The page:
Families, children and conspiracy theories
Sites and movements such as QAnon risk having an indirect adverse effect on families whose members start to believe anti-vax disinformation or wild conspiracy theories about e.g. the political elite. There are increasing examples of families torn apart by such movements, with the impact on children whose parents start to distrust authorities and remove their children from educational services.
While certainly indirect harm, the threshold of significance makes it unclear whether this would be in scope. Such disinformation has a long-tail, with the impact of children being removed from educational and healthcare services having a lasting - but perhaps not immediate - effect.
Manipulated video image of political candidates
Deep Fake Video of Speaker Nancy Pelosi, appears to show her slurring and impaired. The video was viewed more than 2.5 million times on Facebook and Facebook refused to take it down, despite clearly being a deep fake.
A deepfake video of Boris Johnson endorsing Jeremy Corbyn, created for academic and campaigning purposes, shows how else this technology can be applied.
An example of how deep fakes can be used to manipulate videos and messages. More advanced technology could have more severe implications.
Disinformation about the sexuality of footballers
In addition to the racial abuse received by footballers and their families, many are also on the receiving end of disinformation about their sexuality. Most recently, Premier League player James Rodriguez was the subject of false rumours claiming that he had not played because he had undergone gender reassignment surgery. The false information involved people mocking up images saying he would never play again.
Coordinated campaigns to stir-up racial tensions ahead of the 2016 presidential election
According to the US Senate Intelligence Committee, disinformation campaigns by Russia in the US 2016 Presidential election targeted African-American communities more than any other group.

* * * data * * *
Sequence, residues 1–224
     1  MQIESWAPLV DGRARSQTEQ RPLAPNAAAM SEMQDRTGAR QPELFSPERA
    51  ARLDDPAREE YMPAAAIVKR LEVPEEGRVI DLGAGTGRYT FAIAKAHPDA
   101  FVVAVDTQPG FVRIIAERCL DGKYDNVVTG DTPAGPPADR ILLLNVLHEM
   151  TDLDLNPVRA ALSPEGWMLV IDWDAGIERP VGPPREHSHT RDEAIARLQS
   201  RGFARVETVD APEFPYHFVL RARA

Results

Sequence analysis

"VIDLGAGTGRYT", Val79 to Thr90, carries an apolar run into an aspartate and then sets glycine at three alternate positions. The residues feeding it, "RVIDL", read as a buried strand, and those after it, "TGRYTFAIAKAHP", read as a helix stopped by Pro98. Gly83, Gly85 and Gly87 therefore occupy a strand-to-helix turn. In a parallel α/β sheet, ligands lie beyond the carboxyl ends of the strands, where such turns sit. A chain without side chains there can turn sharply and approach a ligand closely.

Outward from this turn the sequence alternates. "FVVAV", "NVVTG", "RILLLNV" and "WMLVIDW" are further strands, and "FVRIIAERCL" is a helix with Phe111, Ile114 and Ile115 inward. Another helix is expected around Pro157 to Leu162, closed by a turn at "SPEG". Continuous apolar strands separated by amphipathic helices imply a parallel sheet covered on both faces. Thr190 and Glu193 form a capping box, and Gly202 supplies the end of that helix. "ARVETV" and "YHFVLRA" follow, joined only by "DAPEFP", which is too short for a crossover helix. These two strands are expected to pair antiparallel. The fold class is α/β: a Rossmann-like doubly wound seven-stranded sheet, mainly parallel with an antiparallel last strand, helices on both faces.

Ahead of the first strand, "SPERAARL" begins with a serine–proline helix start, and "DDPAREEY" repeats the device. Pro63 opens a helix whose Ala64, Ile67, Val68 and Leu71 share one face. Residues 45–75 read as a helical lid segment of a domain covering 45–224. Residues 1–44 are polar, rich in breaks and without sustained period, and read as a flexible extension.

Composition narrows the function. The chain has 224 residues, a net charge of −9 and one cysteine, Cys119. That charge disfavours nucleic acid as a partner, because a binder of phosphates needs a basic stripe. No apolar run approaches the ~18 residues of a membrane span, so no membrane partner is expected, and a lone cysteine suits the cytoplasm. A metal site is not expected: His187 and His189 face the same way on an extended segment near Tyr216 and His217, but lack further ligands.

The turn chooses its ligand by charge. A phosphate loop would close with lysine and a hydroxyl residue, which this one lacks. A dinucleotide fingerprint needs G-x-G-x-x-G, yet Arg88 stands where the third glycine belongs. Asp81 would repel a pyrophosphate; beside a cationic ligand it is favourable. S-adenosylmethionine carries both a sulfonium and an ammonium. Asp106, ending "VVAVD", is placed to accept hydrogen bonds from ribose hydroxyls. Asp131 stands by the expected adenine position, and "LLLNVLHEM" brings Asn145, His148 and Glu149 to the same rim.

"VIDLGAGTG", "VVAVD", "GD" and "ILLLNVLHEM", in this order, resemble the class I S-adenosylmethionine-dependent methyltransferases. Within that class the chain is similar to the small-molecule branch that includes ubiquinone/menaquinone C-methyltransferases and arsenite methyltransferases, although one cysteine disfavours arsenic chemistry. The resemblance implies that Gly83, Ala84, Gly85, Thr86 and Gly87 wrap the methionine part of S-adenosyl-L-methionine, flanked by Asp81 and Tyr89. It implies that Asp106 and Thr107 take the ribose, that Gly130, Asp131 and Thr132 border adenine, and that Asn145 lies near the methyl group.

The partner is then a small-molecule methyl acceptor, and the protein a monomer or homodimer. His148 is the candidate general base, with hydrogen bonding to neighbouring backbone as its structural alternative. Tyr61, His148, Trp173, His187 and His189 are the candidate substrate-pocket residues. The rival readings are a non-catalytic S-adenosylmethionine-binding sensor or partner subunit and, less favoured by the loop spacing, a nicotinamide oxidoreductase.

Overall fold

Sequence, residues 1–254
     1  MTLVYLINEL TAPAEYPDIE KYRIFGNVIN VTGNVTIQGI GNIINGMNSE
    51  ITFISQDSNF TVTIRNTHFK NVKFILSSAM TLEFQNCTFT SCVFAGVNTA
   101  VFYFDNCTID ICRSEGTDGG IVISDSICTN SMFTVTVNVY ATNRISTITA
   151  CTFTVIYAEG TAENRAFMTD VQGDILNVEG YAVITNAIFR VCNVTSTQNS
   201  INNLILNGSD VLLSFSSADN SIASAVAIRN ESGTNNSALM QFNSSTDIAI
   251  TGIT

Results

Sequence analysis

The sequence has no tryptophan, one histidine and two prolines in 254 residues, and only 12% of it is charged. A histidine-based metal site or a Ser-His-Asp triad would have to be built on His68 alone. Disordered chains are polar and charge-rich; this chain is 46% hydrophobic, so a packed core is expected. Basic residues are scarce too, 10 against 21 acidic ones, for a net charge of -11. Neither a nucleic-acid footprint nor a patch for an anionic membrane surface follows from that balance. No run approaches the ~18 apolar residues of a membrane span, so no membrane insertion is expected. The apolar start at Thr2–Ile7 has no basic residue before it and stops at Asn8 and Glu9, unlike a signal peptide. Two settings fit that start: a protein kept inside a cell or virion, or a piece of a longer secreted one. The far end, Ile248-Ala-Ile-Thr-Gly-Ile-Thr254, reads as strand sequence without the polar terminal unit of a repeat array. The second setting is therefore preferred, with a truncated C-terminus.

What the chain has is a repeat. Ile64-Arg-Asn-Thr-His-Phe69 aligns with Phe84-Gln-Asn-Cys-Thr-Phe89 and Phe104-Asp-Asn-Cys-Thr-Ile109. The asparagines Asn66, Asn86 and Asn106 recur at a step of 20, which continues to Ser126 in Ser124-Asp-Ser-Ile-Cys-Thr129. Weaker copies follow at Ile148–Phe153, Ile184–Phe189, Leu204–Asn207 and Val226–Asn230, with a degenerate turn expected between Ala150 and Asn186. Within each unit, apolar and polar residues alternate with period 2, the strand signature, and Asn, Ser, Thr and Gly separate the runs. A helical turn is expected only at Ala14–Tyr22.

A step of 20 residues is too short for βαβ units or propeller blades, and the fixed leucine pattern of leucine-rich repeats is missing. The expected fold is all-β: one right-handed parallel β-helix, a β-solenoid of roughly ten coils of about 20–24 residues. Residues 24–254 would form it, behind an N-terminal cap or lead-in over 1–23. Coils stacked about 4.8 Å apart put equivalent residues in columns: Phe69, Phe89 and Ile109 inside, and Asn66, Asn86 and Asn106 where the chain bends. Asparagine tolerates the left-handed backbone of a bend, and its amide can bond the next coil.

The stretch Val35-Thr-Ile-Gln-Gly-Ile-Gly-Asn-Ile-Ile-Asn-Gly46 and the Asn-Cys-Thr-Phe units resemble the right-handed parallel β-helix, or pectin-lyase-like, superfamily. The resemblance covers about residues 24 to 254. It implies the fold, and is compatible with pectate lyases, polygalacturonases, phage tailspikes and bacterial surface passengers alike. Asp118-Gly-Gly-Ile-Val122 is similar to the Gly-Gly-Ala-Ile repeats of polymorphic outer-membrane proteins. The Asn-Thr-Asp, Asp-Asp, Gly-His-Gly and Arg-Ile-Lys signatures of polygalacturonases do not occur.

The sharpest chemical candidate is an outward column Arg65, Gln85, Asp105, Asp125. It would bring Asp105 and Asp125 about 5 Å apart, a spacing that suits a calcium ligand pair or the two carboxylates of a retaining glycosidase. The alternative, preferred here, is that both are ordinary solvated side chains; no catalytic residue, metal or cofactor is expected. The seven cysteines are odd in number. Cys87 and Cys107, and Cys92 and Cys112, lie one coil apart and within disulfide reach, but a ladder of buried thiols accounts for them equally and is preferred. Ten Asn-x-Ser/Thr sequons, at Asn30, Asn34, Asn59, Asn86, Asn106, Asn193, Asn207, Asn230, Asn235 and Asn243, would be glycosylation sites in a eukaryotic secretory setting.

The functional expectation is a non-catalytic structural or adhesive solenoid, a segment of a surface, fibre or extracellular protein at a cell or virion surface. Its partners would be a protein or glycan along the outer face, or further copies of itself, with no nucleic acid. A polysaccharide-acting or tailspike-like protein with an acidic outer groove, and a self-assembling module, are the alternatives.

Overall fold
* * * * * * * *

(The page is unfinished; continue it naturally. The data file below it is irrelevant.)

“By far, race and related issues were the preferred target of the information warfare campaign designed to divide the country in 2016”.
This included false claims about police brutality, political party funding (such as Hillary Clinton received $ from the Klu Klux Klan) and about the BLM movement.
Disinfo campaigns by state actors are far more nuanced than simply targeting individuals or groups of individuals with abusive content. In this case, the aim was to sow confusion and division in order to subtly change opinions and reduce voter engagement. This has major democratic implications. It could be argued that such a campaign fits the definition of harm, but it is the nature and scale of the content rather than the content itself which causes the harm. May be out of scope.
Coordinated response to discredit Sergei Skripal poisoning
Campaign by Russian officials and others calling into question the authenticity of images published by HMG, and promoting #skripalhoax
Disinformation had no bearing on the poisoning itself but rather on post hoc public perception of the event and whether/how it took place. Weakens trust in security services and sows confusion, but does not clearly fulfil the definition.
US electoral fraud
Perhaps the most high profile conspiracy in modern democracies is the evidence-free claim that the 2020 elections were stolen and the results therefore illegitimate. This conspiracy is widely disseminated on social media and echoed by mainstream media and prominent political leaders in whole or in part. As a result, a substantial percentage of the electorate believes the election was fraudulent and has lost confidence in electoral institutions.
This is a particularly pernicious example because the disinformation is centrally about politics and elections in the most consequential way possible. Would it be subject to protection due to “democratic importance”? The platforms have all changed terms of service to prohibit election delegitimization; but they are failing to achieve that objective. Should the regulator insist they do? Or insist they shouldn’t?
Consider the possibility that this scenario occurs in a future Scottish referendum.
UN Global Compact on Migration
In December 2018, The UN Global Compact on Migration was subjected to a wave of misinformation from over 50,000 Twitter users in multiple languages, as well as manipulation of the YouTube recommendation algorithm by far-right outlets.